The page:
A Sudanese court has dismissed criminal charges brought against a group of Christian leaders arrested last year amid the government's attempt to strip them of denominational control.
Christian Solidarity Worldwide, a nonprofit that advocates on behalf of persecuted Christians across the globe, reported that the elected leaders leaders with the Sudanese Church of Christ were cleared of criminal charges by a judge last Thursday.
Eight SCOC leaders, including the elected SCOC president, were arrested last Aug. 23 in Omdurman after refusing to give up control of the predominantly Nuban denomination to a government-appointed committee, while six other church leaders reportedly went into hiding.
According to CSW, the criminal proceedings against the elected church leaders began late last year and lasted over 10 months due to the prosecution's delay of the proceedings. In last Thursday's hearing, a judge questioned an official from the Ministry of Guidance and Religious Endowments.
The judge ultimately ruled that a criminal case should have never been brought against the leaders because the issue revolves around an administrative dispute.
"We welcome the dismissal of charges against the elected leadership of the Sudan Church of Christ," CSW Chief Executive Mervyn Thomas said in a statement. "This case demonstrates the politicisation of the criminal justice system, resulting in religious leaders, who are upstanding members of the community, being forced to defend themselves against unwarranted criminal charges."
Seven of the leaders arrested in August 2017 are members of the SCOC executive committee and include SCOC Moderator Rev. Ayoub Mattan and SCOC's head of missions, Kuwa Shamal. Shamaal had previously been arrested for national security crimes but was released in January 2017 after spending months in prison.
"He has on two occasions been accused of criminal charges and been found innocent by the court in both instances," Thomas said. "Reverend Shamal not only had to defend himself against unjust charges, but was also held in detention for nine months between 2015 and 2016, a powerful illustration of the harassment religious minorities are facing in Sudan."
Sudan ranks as the fourth worst nation in the world when it comes to Christian persecution, according to Open Doors USA's 2018 World Watch List.
"This is an incredibly difficult time for Christians in Sudan. They are losing churches they have gathered and worshipped in for years," an Open Doors fact sheet explains. "The government regularly arrests and intimidates Christian leaders and has demanded on at least one occasion that leadership be handed over to a government-supported committee. When interacting with Sudanese Muslims, Christians must be extremely cautious, as any mention of their faith can be construed as an 'act that encourages apostasy against Islam.'"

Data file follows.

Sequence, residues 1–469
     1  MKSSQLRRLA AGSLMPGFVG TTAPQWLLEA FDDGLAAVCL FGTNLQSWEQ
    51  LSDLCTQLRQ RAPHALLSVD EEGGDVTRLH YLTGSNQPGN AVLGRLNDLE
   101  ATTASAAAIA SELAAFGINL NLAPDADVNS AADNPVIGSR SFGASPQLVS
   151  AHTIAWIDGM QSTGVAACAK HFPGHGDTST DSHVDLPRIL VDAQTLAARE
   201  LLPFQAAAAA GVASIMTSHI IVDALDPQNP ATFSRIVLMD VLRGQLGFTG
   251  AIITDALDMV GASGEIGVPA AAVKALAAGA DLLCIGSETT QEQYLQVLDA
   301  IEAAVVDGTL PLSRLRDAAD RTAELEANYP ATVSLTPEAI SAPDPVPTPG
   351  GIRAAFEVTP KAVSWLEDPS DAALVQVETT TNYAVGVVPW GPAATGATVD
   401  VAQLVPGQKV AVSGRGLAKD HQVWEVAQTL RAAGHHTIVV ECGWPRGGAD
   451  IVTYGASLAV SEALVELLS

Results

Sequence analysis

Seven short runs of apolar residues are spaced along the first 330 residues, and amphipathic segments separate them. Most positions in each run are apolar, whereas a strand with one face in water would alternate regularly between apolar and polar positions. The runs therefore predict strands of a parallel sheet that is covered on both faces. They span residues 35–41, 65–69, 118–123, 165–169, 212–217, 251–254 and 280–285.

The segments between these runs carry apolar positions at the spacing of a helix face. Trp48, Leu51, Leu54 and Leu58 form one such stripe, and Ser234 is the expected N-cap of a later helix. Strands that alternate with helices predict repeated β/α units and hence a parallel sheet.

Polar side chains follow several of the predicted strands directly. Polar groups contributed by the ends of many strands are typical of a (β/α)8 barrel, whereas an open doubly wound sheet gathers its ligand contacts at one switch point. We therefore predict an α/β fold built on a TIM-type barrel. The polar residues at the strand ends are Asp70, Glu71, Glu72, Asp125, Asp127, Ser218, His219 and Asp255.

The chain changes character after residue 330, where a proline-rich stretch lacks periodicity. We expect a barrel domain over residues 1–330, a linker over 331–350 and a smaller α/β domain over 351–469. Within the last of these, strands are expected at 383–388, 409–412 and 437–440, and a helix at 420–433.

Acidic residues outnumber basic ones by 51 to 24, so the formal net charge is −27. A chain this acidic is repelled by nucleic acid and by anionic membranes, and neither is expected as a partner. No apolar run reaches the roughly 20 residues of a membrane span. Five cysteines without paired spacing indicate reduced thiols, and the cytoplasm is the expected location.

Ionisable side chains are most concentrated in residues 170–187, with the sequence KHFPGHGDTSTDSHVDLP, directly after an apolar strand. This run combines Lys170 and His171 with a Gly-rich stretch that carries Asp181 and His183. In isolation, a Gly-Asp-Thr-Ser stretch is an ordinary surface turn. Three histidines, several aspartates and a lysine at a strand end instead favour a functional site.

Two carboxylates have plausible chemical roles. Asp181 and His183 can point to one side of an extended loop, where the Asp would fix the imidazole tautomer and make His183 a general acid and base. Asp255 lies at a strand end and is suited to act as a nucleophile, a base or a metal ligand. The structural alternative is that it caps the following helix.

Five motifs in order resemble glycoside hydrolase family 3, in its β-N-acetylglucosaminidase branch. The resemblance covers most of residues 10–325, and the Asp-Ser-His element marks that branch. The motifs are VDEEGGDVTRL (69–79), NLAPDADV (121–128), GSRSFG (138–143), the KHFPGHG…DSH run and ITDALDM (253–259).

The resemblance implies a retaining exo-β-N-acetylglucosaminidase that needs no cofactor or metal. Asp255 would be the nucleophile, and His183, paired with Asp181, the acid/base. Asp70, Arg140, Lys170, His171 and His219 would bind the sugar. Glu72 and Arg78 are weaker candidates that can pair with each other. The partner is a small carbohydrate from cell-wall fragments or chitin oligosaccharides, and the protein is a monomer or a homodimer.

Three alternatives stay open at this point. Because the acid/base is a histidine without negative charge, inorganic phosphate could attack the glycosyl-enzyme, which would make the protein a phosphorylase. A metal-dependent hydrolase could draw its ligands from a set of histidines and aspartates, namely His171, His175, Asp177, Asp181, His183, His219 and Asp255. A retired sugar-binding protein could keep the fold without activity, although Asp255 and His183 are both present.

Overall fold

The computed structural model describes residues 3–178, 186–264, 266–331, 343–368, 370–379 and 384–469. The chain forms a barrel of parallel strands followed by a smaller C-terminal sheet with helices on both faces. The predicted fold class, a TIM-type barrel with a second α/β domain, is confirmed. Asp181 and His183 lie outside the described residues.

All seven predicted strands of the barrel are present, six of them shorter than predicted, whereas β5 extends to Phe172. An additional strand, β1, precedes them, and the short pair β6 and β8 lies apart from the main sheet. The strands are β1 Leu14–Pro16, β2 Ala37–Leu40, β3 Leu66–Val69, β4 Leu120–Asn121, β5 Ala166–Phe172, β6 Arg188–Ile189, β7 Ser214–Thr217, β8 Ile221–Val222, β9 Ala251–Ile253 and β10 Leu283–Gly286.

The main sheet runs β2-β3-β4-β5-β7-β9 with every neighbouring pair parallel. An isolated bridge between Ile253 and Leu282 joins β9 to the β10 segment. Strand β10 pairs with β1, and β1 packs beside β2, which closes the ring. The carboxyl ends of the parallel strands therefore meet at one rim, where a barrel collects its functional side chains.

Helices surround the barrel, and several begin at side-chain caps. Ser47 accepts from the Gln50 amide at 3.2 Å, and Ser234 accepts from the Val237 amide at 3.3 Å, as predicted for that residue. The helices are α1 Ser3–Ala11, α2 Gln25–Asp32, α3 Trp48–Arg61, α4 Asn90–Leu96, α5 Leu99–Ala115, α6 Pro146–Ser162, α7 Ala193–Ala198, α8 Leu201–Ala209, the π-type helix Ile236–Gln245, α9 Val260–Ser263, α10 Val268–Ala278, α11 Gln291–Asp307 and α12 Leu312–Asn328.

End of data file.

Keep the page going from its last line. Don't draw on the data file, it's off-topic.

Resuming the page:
The struggles for the SCOC leaders come as leaders with the Sudan Evangelical Presbyterian Church have also been imprisoned in years past as their ministries have been interfered with by government officials.
Open Doors states that some Sudanese Christians are arrested on charges of espionage while many churches have demolished by the governemnt. Additionally, there are also churches that are on a waitlist to be demolished.
Last year, it was reported that Sudan evicted two Christian families out of their church-owned homes after the judge ruled that a Muslim investor can take ownership of the properties.
Sudan, which is 97 percent Muslim, is one of 10 countries listed by the U.S. State Department as a "country of particular concern" for systematic, ongoing and egregious violations of religious freedom. Others nations on the list include well-known human rights violators North Korea, Iran, China, Burma and Eritrea. Sudan has been designated as a CPC since 1999.
"In meetings with the foreign minister, the [U.S.] Charge d'Affaires raised the issue of the detained pastors, urging the government to grant a fair and speedy trial," the 2017 State Department International Religious Freedom Report says about Sudan. "Embassy officials stressed that respect for religious freedom was crucial to improved relations with the United States. The embassy maintained close contact with religious leaders, faith-based groups, and nongovernmental organizations (NGOs), and monitored and attended many of the legal proceedings for those prosecuted in connection with their religious beliefs."
Last November, Deputy Secretary of State John Sullivan urged in a speech at Al-Koran Al-Karim University in Omdurman for the Sudanese government to stop demolishing churches in order for U.S.-Sudan relations to improve.
The U.S. government moved in October of last year to lift sanctions and a two decade-old embargo against Sudan on grounds that it had begun addressing human rights concerns.